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Anthony Corns

Palaeoenvironmental Research

Introduction Information on the nature, timing and rates of past environmental change provides a valuable long term perspective for understanding current and future impacts of climate change. Physical, chemical and biological analysis of sedimentary archives help us to build up a picture of both regional climatic variability and local environmental change. The CHERISH project is focusing on sediment sequences which have the potential to provide records of past storm activity, extending back over thousands of years, such as coastal peat bogs, back-barrier lagoons and dune systems. Palaeoenvironmental Sampling Radiocarbon dating is based on the principle that all living organisms absorb carbon dioxide during their lifetime, and that after death, a proportion of that carbon which is radioactive (radiocarbon or 14C), decays at a constant rate. By measuring the amount of 14C remaining in plant material, shells or bone, an estimate how long ago that organism was alive can be made. Radiocarbon dating is generally suitable for samples ranging from a few hundred years old up to 50,000 years old, ideally suited to the timeframe under consideration by the CHERISH Project. Advances in analytical techniques mean that very small samples containing as little as 2 mg of carbon can be dated,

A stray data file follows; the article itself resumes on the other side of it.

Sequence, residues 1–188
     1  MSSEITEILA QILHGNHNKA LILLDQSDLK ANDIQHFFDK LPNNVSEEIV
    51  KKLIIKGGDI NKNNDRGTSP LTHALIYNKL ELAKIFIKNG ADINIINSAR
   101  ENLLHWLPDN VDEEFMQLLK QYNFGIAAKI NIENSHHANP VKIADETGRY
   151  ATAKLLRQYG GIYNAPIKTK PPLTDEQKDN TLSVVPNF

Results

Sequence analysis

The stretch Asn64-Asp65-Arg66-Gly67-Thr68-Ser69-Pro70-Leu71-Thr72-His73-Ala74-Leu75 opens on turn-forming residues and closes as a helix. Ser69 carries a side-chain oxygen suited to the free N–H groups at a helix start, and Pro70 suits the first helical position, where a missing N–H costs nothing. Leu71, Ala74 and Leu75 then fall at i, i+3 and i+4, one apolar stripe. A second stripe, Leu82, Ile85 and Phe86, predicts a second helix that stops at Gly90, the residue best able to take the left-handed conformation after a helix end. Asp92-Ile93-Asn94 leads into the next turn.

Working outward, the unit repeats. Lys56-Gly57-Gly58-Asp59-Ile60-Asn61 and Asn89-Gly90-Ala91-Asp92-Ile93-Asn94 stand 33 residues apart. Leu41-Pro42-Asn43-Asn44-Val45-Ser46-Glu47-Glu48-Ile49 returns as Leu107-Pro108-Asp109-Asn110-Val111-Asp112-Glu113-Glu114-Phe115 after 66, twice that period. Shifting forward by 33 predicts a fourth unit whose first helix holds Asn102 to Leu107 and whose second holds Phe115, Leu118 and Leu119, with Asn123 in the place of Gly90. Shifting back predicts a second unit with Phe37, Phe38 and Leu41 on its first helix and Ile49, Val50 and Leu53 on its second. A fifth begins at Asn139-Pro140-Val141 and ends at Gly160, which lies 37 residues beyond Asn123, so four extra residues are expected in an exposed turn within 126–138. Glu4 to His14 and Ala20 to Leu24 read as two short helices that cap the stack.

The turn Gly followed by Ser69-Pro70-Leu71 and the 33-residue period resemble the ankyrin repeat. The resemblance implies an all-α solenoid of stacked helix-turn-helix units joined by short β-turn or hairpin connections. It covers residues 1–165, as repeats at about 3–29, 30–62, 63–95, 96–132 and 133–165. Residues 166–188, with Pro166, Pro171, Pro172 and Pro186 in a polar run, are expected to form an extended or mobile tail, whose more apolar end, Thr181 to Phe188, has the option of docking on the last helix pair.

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Anthony Corns

Geophysical Survey

Introduction For many of the archaeological sites and monuments on land within the CHERISH project, what you see on the surface in the forms of walls and earthwork structures is only half the story. For many monuments there are buried features, including wall foundations and ditches, beneath the surface of

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